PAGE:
CNBC reminds us of some inconvenient truths about Romney's I'm-the-economy-guy-because-I'm-a-businessman credentials, which, as you are probably aware, is the only real thing he's got to run on:
Sometimes the calls didn't quite work out, as was the case when Bain Capital and then-aspiring Senate candidate Romney bought American Pad & Paper Co. for $5 million in 1992. Bain charged Ampad advisory fees, used it to buy a few other office-supply makers and ran the company's debt from $11 million in 1993 to nearly $400 million in 1999.
Meanwhile, it acquired an Ampad plant in Marion, Ill., in 1994 and shuttered the 200-worker facility the next year after workers held a strike over layoffs and pay cuts.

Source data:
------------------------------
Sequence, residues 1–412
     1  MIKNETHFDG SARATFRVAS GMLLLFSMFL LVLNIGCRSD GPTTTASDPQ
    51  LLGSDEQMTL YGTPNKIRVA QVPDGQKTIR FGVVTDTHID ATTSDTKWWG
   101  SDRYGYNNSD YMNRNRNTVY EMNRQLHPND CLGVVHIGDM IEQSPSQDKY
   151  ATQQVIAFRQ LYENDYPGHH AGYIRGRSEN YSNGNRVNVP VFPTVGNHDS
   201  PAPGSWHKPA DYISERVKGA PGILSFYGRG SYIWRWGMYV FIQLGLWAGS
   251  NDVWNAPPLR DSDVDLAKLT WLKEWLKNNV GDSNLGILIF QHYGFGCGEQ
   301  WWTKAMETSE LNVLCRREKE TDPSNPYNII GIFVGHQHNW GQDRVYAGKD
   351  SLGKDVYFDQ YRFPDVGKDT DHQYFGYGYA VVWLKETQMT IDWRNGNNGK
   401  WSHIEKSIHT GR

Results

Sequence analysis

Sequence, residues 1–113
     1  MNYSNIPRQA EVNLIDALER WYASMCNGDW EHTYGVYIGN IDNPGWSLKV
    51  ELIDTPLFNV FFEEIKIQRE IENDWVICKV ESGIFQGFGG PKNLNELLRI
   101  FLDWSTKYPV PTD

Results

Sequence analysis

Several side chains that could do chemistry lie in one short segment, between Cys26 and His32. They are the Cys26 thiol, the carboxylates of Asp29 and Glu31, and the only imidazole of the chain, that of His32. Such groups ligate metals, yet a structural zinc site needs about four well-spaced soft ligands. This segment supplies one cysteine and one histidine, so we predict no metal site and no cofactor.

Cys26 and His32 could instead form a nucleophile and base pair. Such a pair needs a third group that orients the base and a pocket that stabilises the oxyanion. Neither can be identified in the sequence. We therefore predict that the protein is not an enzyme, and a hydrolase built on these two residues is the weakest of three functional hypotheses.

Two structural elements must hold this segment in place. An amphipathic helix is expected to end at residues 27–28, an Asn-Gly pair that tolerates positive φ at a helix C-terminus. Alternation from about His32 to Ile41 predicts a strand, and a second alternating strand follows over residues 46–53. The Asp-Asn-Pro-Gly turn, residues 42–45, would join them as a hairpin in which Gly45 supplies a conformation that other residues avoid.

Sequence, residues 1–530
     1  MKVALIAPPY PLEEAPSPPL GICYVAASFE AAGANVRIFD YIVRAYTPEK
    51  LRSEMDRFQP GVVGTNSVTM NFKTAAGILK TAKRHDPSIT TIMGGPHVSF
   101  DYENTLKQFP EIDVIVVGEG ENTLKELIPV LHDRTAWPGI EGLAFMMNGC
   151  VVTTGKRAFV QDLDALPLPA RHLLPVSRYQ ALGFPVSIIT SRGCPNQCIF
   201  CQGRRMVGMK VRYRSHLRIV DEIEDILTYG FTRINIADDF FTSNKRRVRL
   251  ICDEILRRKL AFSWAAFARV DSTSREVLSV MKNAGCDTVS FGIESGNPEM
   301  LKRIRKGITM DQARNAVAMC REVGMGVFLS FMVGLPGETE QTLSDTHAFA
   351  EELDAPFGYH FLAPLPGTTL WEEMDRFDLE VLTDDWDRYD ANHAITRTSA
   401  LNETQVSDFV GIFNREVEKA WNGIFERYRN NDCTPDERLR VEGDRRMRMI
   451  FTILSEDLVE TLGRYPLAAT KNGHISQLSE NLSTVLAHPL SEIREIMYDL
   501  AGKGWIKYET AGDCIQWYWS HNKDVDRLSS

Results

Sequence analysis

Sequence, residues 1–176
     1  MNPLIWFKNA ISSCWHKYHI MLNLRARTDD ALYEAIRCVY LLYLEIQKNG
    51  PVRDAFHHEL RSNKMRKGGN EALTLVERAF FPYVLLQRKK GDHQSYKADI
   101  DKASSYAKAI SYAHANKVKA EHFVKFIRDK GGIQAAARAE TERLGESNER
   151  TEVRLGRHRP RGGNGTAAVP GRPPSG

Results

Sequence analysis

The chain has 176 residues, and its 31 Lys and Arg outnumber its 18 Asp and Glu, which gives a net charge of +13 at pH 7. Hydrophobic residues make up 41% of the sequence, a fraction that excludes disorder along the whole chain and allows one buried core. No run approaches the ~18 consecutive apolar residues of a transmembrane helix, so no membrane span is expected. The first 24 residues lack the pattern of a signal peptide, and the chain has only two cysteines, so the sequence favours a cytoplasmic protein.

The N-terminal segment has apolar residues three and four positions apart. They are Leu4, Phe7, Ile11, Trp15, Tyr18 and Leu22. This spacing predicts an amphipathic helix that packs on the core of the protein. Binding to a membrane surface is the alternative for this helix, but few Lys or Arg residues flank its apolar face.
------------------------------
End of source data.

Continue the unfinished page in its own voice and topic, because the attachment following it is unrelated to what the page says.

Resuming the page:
Man, I want him to run our government just like that. And The New York Times's Caucus blog points out something interesting about the farm where Romney gave his big coming-out speech:
The choice of the Bittersweet Farm for his announcement is an interesting one for Mr. Romney, who regularly argues for a smaller federal government that spends less. The rolling green hills of the farm were preserved in recent years in part with $1 million in federal money, according to a recent report in Seacoast Online.